Throughout the entire process you have to listen and learn what the significant other wants.  So long as the person feels they are loved and acknowledged, that relationship will cherish and continue.  However, if the bond of trust is broken, the loyalty will break apart and often times leads to a break up or divorce. So, don’t cheat on them, treat them right and cater to their needs!

Easy enough, no?

I bring this topic up because often times, companies make it a goal to expand wallet share with their clients (deepening client loyalty) but they struggle on how to get there.  As I stated before, it’s frankly rather simple, you have to get to know the needs and wants of your target audience and you have to do your best to meet those expectations; they must feel you’ve got their back. But I think that often times institutions get lost in the translation and focus too much on the numbers and lose sight of what their goal is and what has to get done to get there.  What happens if you neglect your spouse?

This dynamic also takes place in politics as politicians also have loyalties.  What did I say about loyalties before? It takes time, effort and TLC to build them.  Additionally, the relationship has to be mutually beneficial.  Again…

sometimes organizations want for lawmakers to just do what they are asking them to do.  They forget that they have to work with politicians and earn their loyalty.  One of the main things that I do as a lobbyist is build trust, strengthen relationships.  Organizations have to learn to do that too.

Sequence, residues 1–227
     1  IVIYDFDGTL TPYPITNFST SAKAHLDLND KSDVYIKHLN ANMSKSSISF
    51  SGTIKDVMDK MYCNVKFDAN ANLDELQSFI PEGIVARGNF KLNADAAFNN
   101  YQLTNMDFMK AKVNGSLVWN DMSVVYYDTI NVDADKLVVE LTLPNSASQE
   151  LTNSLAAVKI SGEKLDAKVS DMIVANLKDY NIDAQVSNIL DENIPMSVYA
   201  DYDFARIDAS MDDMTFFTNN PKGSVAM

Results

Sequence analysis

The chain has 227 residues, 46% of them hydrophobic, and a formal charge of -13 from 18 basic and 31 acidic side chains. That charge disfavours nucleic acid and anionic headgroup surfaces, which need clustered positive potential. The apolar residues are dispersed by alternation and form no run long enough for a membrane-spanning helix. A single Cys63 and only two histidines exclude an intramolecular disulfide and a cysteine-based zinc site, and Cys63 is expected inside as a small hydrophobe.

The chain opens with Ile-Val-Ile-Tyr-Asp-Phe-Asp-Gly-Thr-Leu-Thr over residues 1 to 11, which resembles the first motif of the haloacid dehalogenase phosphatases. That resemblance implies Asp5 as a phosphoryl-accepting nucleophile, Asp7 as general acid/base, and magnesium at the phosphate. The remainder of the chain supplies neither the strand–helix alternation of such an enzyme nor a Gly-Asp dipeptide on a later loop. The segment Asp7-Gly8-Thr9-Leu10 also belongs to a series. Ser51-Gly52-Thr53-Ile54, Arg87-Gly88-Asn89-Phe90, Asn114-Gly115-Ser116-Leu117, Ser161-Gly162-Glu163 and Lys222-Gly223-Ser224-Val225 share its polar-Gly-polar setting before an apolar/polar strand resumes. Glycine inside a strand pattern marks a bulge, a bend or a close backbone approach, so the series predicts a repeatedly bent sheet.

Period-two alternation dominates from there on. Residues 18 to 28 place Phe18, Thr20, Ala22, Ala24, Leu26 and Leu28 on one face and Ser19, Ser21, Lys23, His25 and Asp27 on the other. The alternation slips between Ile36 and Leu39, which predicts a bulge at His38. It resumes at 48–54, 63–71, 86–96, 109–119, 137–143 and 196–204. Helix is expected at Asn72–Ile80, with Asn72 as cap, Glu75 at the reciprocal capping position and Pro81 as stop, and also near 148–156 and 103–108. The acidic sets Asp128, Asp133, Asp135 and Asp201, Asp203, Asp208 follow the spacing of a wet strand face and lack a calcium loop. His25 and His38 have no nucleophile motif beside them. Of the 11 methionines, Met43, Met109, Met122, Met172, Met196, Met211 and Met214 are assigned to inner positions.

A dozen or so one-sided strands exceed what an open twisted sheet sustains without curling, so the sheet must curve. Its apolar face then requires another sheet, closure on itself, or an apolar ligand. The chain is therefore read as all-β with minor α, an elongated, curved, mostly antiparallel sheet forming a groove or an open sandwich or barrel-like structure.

Here’s where many people get hung up though… you gotta have a mutually beneficial relationship for there to be any true loyalty (you scratch my back, I scratch yours!).  I’m not saying that if you’re trying to get things done in politics you go and buy your congressman, if you do, you might end up “stuck” for several years, somewhere you don’t want to be!  But if a politician is an advocate of your cause you have to at the very least let those in your organization know that the politician is on their side, that he’s got their back and is working for them.  You must work to ensure that politician comes back to the legislature, GET INVOLVED!

Those that neglect their marriage and friendships end up very alone.

Be sure to provide your feedback, comment and share with your friends!

The need to get involved

September 2, 2010 Leave a comment